Suspension adjustment system
Kind Code:

A retrofitable or OEM installed vehicle suspension system at least one sensor (18) capable resolving pitch and/or roll of a vehicle. The sensor (18) output is used to control wheel position with respect to the vehicle by means of at least one wheel actuator (14). Thus, the suspension and wheel position is dynamically, significantly adjusted based on the irregularities of the terrain being traversed or the pitch and roll of the vehicle.

Clauson, Luke (Menlo Park, CA, US)
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Other Classes:
280/5.514, 280/6.157
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Primary Examiner:
Attorney, Agent or Firm:
Luke Clauson (Athertion, CA, US)
What is claimed is:

1. A suspension adjustment system, comprising: at least one sensor, the sensor able to resolve changes in angle, at least one actuator attached to suspension components, an electronic circuit to decode said sensor data and generate position commands so that said position commands are used to control the position of said actuator whereby suspension position is adjusted.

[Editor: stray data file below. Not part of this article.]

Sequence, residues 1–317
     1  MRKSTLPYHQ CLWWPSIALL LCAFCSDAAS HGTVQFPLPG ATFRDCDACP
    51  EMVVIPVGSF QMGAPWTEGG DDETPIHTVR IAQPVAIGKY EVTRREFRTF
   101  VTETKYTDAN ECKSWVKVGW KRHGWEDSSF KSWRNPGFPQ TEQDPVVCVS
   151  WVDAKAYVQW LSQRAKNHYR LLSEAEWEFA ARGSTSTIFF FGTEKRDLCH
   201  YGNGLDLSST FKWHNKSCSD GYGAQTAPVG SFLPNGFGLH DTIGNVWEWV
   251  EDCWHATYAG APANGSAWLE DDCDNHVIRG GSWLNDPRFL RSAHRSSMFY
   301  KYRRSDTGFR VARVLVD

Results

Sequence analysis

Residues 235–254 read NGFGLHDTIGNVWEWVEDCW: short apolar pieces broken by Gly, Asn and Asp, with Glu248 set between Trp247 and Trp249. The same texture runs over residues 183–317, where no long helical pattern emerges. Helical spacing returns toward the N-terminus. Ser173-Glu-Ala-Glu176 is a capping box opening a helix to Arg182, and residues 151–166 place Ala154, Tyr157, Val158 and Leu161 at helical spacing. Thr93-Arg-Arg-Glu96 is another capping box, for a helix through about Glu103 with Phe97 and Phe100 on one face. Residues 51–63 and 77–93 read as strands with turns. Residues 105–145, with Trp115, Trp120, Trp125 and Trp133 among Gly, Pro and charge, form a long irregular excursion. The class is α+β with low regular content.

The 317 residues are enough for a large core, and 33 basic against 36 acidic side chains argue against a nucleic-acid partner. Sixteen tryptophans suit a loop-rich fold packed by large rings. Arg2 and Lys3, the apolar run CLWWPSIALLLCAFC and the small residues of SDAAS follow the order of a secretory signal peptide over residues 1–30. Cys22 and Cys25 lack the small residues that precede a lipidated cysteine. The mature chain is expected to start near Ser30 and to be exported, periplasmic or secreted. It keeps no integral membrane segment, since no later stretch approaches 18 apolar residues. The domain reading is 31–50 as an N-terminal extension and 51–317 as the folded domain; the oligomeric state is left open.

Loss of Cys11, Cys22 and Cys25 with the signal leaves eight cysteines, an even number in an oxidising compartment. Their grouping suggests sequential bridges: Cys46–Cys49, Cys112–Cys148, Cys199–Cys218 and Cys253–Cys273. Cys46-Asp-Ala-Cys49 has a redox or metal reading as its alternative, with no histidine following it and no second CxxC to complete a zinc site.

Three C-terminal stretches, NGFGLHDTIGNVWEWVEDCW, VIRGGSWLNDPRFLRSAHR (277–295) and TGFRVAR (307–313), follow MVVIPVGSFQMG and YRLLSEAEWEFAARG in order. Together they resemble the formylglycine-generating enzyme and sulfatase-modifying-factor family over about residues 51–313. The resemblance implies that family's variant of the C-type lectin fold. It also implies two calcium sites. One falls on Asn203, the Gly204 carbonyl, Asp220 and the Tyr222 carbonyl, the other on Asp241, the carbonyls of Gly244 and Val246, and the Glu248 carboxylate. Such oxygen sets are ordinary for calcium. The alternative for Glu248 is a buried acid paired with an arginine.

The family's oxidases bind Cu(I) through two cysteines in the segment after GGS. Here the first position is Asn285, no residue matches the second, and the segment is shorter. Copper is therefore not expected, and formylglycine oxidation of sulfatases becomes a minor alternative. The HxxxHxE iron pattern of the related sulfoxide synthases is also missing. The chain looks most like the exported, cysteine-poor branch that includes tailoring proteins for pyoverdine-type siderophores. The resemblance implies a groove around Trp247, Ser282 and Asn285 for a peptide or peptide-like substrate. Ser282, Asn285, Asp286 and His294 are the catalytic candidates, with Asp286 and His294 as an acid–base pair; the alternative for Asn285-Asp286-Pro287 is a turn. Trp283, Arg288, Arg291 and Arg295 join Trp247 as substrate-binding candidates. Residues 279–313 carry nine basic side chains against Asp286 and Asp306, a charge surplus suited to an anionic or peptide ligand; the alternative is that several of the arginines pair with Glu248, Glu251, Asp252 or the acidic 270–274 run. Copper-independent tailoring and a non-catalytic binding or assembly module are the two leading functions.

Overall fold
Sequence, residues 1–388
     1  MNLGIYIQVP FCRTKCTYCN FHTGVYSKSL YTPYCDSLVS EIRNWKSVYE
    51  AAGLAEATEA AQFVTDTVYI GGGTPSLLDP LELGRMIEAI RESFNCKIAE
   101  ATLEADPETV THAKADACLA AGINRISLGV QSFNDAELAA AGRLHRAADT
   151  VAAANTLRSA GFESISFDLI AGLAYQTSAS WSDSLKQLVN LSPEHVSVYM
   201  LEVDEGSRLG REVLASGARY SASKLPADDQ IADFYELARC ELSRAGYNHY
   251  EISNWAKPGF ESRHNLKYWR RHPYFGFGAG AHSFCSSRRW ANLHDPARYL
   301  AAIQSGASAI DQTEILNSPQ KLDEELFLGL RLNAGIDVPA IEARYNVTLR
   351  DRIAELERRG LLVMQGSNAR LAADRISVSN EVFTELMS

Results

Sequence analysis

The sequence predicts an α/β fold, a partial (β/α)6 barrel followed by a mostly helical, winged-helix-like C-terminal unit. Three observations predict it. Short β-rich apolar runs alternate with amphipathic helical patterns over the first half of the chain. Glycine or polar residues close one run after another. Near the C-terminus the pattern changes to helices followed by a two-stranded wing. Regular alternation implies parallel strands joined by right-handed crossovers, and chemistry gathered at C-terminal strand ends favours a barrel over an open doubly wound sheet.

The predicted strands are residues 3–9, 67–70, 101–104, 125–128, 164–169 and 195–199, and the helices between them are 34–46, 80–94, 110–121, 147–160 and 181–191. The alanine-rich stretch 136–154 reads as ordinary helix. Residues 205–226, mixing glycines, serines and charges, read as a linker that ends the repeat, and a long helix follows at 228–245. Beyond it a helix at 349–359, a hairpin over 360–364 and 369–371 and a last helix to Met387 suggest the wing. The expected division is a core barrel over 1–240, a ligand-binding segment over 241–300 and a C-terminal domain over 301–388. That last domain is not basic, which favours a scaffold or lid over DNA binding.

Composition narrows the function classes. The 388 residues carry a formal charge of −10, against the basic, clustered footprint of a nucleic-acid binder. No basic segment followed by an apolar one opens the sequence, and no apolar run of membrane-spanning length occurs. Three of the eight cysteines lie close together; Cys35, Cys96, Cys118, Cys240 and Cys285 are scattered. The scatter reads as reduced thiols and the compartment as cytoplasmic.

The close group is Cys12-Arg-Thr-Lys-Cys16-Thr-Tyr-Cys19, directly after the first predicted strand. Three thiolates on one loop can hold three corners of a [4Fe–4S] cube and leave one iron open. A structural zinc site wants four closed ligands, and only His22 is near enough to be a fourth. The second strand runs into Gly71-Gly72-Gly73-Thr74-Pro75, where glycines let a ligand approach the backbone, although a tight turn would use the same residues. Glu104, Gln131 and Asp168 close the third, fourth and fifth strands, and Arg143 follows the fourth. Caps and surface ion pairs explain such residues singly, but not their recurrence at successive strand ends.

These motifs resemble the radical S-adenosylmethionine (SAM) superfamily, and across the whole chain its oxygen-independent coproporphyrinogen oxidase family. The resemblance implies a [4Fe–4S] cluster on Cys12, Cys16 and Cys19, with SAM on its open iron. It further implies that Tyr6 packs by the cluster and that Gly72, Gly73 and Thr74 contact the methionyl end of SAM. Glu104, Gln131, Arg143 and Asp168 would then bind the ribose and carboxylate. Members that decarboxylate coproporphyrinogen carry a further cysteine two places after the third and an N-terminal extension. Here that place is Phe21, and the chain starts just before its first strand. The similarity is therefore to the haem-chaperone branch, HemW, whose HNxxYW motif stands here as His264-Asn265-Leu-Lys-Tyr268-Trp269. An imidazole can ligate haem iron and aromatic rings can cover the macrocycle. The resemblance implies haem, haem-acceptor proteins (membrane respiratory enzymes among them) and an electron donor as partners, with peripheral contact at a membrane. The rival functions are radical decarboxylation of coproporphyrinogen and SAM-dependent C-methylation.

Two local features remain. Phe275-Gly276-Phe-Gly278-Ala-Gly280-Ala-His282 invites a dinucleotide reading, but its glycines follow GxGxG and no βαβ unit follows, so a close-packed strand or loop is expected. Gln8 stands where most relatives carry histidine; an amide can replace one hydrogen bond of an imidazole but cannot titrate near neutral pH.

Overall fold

2. The system of claim 1, where said actuator is a dual acting pneumatic cylinder, able to move the suspension in both directions.

3. The system of claim 1, where said actuator is an electric actuator.

4. The system of claim 1, where said actuators are able to move the suspension system through at least 25% of its range of motion.

5. The system of claim 1, where said electronic circuit is continuously updated by said sensor to control said actuator position as appropriate.

6. The system of claim 1, where said control module accepts an input speed signal line communicating the vehicle speed for use in said position commands calculation.